Thank you for following me here on this blog (and on Twitter) and engaging over the past year. Let me extend to you the very best wishes for health, happiness and peace in the year ahead.

Happy new year!

So the years spin by…

Another year is about to come to a close.

Over the past couple of months, a lot of things have been going on – some good, some not so much – that have given me time to quietly reflect while doing some long distance driving. A year-end post is an appropriate time to share some of those thoughts.

This year, I realized that I have been consulting a fair bit longer than the amount of time that I had a ‘real job’ (as my dad would call it). The past 38 years in the telecommunications sector (22 years of consulting) have produced more than 2750 blog posts, although I will acknowledge that the past year continued to witness a decline in production. With just under 70 posts over the past year, I blame the amount of time I spend expounding in 280 character bursts on Twitter (although there are also a couple little boys who continue to provide welcome distractions from my desktop).

The past year brought us the national launch of Connecting Families, an initiative that has been on my year-end wish list for about 10 years, as my frequent readers know all too well. As a country, the traditional focus for government programs has been to spend money stimulating the construction of broadband facilities. A much tougher job has been to examine the factors that have limited broadband adoption by various segments of the population. There is more than just a rural/urban split in Canada’s digital divide. Connecting Families is an important step in the right direction, following the private sector leadership from TELUS and Rogers. Last week, ISED Deputy Minister John Knubley informed Parliament’s Standing Committee on Public Accounts that 3000 households had signed up for Connecting Families in the first 2 weeks of the program. That means that at least 3000 homes with kids will be able to start the next school term with a connected computer, enabling those kids to do their homework and socialize the ways most kids do. Connecting Families was a long time in the making, but it is still only a start. We should not be satisfied until every school-aged kid has access to a connected computer at home.

At this time last year, I wrote:

I can’t help but wonder what kinds of innovative pricing plans are being inhibited because Canada’s more restrictive regulations on internet access compared with the light touch approach approved last week by the FCC. Canadians have been denied the choice of plans with innovative pricing structures offering mobile TV from one service provider and another carrier offering mobile music. As predicted, the CRTC’s intervention resulted in no customers seeing lower prices while thousands ended up paying more.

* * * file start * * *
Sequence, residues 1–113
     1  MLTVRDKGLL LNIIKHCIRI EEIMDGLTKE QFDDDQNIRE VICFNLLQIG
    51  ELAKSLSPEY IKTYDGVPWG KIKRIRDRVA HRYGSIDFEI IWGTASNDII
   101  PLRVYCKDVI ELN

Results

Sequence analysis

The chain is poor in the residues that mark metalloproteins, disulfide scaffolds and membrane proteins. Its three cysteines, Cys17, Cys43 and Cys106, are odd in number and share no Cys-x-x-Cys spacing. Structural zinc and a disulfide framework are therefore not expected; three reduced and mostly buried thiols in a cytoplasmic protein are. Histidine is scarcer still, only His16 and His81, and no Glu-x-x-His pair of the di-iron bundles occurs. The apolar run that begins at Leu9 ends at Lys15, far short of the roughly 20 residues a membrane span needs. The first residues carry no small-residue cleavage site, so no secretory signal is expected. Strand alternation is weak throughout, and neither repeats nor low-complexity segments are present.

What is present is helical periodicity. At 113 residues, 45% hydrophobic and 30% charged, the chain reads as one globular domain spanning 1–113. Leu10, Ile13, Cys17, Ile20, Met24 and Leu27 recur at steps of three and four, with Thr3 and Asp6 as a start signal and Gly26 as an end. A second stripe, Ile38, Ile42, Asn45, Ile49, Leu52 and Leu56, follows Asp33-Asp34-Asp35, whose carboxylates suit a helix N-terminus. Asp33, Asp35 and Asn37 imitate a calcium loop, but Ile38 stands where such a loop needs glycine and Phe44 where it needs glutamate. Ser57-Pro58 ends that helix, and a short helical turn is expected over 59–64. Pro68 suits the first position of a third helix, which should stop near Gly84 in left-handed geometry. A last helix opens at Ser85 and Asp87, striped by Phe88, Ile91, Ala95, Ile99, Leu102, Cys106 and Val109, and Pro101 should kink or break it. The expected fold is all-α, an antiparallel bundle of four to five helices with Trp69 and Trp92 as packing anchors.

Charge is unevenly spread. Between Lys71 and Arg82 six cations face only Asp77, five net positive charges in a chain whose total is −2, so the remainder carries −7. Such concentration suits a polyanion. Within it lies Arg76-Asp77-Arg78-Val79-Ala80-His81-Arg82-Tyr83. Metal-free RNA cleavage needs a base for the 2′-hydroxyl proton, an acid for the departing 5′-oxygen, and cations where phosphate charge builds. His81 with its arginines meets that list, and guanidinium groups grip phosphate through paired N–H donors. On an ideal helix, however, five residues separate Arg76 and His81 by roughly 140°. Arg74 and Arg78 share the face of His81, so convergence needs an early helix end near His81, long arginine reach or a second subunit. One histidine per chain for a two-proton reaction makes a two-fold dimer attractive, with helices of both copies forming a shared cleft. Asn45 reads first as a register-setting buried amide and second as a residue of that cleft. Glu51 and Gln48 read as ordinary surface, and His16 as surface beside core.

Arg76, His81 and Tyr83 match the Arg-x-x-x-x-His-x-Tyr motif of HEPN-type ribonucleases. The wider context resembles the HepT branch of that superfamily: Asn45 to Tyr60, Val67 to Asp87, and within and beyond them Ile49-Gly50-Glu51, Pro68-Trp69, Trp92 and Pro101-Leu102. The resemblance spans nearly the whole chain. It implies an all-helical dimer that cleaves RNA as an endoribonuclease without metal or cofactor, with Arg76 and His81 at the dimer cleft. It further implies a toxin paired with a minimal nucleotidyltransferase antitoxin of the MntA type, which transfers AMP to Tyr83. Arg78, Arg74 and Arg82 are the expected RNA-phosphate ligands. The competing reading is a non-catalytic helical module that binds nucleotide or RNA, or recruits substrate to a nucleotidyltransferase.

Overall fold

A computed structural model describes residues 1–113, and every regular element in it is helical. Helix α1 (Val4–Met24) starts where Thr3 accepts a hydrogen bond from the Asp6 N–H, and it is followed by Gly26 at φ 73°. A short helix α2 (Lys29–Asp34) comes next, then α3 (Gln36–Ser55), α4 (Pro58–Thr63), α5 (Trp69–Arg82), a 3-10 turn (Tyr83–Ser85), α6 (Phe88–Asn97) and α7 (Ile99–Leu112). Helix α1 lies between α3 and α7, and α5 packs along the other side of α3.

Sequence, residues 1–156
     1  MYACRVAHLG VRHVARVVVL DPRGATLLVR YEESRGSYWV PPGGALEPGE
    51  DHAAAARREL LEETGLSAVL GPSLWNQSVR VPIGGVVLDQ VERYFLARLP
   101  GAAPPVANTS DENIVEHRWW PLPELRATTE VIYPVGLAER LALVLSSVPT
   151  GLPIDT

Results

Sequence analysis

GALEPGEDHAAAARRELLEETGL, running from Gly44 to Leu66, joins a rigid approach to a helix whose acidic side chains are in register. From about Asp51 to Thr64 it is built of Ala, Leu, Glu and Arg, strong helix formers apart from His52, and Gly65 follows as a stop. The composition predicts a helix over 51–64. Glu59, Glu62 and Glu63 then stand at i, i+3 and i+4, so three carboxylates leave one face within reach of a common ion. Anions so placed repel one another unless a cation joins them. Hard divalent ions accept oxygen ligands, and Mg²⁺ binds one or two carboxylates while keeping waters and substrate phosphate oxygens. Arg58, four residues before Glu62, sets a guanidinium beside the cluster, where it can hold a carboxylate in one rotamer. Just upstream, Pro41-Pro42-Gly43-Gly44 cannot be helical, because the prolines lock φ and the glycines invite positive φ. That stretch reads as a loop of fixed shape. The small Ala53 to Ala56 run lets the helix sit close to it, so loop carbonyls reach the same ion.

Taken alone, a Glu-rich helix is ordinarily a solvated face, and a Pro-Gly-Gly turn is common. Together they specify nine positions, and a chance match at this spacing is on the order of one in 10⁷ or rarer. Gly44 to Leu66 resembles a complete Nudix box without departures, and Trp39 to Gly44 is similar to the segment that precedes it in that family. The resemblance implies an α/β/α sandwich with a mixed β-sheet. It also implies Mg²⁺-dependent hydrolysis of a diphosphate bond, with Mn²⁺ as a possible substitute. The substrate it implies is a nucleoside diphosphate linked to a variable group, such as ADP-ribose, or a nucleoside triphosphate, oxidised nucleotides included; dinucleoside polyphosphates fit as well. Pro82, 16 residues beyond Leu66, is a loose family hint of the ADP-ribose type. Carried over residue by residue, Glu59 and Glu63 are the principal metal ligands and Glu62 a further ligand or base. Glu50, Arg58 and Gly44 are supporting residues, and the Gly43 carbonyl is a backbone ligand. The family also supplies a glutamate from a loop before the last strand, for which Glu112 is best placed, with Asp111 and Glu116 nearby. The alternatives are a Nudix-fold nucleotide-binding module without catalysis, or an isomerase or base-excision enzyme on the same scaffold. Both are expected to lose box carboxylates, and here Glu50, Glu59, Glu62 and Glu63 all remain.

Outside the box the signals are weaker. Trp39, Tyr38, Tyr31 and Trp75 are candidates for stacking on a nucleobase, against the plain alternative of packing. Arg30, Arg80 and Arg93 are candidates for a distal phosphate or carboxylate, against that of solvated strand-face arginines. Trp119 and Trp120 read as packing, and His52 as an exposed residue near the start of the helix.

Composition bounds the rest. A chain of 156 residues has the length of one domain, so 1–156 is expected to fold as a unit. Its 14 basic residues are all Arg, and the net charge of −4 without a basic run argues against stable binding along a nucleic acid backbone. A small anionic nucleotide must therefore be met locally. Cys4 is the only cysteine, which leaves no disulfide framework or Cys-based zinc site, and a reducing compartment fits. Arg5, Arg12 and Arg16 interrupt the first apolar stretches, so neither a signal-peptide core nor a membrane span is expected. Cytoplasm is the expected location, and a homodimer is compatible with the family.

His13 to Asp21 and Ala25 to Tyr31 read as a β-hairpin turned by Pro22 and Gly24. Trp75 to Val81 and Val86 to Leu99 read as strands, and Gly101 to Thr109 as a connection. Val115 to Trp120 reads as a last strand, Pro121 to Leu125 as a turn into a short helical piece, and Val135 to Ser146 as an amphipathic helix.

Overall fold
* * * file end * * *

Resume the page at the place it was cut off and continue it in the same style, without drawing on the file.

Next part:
Industry Minister Bains recently said “An open internet is critical to our economy and our democracy.” I agree. We need an open internet.

But, I don’t believe that an open internet has been called into question by the FCC. The real question is the level and type of government intervention required to achieve an open internet, while still preserving an environment that fosters innovation and investment.

I’m not convinced Canadian consumers benefit from the CRTC having extended net neutrality rules beyond the elements that were recommended by the Telecom Policy Review Panel. I don’t share the view of some others that the US will lose its status as the innovation leader, and I suspect US consumers will find that they benefit from the framework south of the border.

I continue to question the increasing level of government intervention that already exists for Canada’s internet services. The CRTC’s “Proceeding to establish a mandatory code for Internet services” [Internet Code] continues down the recent path by the Commission to intervene in retail markets it has previously found to be competitive. 

Starbucks recently announced it is going to block porn on its public WiFi network. McDonalds already filters content on its WiFi access network. Of course these companies should be able to decide what services are provided to customers. But from a regulatory standpoint, I wonder if there is a clear enough line that defines when a provider of internet access formally becomes an Internet Service Provider. At many hotels and airports, there are charges for internet services – in some cases for basic service; in other cases, charges apply for premium speeds. I’m not suggesting the CRTC should regulate every hotel and restaurant WiFi operator. If anything, it may show why extending retail internet regulation can lead to rules that are imbalanced, inconsistent, and potentially unnecessary.

A recent editorial in the Globe and Mail examined the section in Finance Minister Bill Morneau’s fall economic update [pdf] calling for a focus on smarter government regulations to improve the efficiency and productivity of the Canadian economy.

Preserving the environment, ensuring health and protecting consumers are all core functions of government. At issue is not the what of regulation, but the how. It’s about making sure government rules are getting the most regulatory bang while costing the economy the least actual bucks.